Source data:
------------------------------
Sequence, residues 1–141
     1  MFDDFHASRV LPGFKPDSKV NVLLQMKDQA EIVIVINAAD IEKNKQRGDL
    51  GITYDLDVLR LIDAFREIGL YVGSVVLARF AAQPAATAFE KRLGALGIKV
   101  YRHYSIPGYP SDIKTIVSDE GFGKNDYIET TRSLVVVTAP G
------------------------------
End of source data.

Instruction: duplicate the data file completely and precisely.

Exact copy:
Sequence, residues 1–141
     1  MFDDFHASRV LPGFKPDSKV NVLLQMKDQA EIVIVINAAD IEKNKQRGDL
    51  GITYDLDVLR LIDAFREIGL YVGSVVLARF AAQPAATAFE KRLGALGIKV
   101  YRHYSIPGYP SDIKTIVSDE GFGKNDYIET TRSLVVVTAP G